All three of the short plays that feature in Fizzy Sherbet’s audio series centre on writer/performers who, not unnaturally, bring a depth of emotion to their own work.
The Meaning of Zong and Afterplay showcase the power of audio drama to transport an audience’s imagination and to see the familiar a little differently.
With light at the end of the tunnel for live performance and some of our biggest institutions announcing summer programmes at their venues, the BBC’s new Lights Up Festival has arrived at a moment of optimism, not just acting as a reminder of all …
Death Of England: Delroy is by Clint Dyer and Roy Williams and is a response to their own earlier play, simply called Death Of England which played at the National Theatre before Covid hoved into our lives.
Death of England: Delroy, which was mid-way through its run at the National Theatre before it was forced to close, will be streamed for free on YouTube on 27 November 2020 at 7pm GMT and return to the Olivier Theatre in spring 2021.
Having had emergency surgery (not Covid related), Giles Terera will no longer be appearing in the National Theatre production of Clint Dyer and Roy Williams’ new one-person play Death of England: Delroy. Understudy Michael Balogun will take over the title role.
It has been a long time since the West End saw a truly great Macbeth so perhaps this is a chance for Simm and Kirwan to buck the trend with impressive performances that offer a different perspective on their characters while creating a potency in their exchanges that is never less than compelling.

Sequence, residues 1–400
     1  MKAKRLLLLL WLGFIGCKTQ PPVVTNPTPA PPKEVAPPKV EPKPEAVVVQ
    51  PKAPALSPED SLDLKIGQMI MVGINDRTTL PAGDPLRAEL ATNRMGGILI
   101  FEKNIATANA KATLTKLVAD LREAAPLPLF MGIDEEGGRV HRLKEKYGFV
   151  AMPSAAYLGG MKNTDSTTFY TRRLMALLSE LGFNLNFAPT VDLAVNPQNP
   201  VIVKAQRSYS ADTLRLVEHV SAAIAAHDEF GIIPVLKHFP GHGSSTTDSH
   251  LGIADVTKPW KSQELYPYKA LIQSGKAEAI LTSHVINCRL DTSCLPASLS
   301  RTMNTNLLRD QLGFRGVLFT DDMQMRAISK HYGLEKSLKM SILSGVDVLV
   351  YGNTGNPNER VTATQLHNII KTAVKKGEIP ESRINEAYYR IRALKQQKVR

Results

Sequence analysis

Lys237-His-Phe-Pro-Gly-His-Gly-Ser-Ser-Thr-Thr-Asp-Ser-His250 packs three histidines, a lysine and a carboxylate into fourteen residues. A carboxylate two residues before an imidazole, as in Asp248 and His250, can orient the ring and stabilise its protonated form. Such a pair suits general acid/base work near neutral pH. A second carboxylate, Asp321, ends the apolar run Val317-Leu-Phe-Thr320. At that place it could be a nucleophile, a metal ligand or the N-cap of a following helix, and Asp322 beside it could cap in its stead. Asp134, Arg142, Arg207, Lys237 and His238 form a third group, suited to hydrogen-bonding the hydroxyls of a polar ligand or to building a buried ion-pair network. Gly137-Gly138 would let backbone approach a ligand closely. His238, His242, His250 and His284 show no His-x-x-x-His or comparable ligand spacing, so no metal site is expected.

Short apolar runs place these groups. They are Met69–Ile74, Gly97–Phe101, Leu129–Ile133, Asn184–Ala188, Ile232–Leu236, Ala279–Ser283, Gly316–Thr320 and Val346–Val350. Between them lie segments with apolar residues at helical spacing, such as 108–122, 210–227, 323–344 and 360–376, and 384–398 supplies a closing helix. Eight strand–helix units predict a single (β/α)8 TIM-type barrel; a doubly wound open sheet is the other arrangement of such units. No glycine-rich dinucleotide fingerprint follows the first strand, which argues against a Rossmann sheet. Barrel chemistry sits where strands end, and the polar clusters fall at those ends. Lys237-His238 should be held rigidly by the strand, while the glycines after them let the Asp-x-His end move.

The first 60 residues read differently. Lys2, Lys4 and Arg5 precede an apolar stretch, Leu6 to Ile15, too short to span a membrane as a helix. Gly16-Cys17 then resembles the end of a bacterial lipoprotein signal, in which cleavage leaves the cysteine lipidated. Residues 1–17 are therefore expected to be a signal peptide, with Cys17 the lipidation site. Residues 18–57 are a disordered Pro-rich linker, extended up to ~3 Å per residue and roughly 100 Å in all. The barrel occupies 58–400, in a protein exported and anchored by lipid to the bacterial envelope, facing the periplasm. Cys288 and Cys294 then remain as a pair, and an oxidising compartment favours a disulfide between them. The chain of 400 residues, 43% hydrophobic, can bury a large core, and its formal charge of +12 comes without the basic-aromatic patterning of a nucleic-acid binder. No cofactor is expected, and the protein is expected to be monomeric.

The Dark is an exhilarating and personal journey through the dusty backroads of Uganda in 1979. Jumping between then and present day, Michael Balogun tenderly tells author Nick Makoha’s story of how he and his mother escaped the terror of Ugandan dictator Idi Amin’s reign and crossed the border heading for the UK when he was four years old.
Nick Makoha’s play The Dark tells his own story when, as a child, his mother smuggled him out of Idi Amin’s Uganda in search of a better life in the UK.
A whole lot of post-apocalyptic hurly-burly and sadly not much more besides – the National Theatre’s Macbeth really is something of a red-trousered disappointment.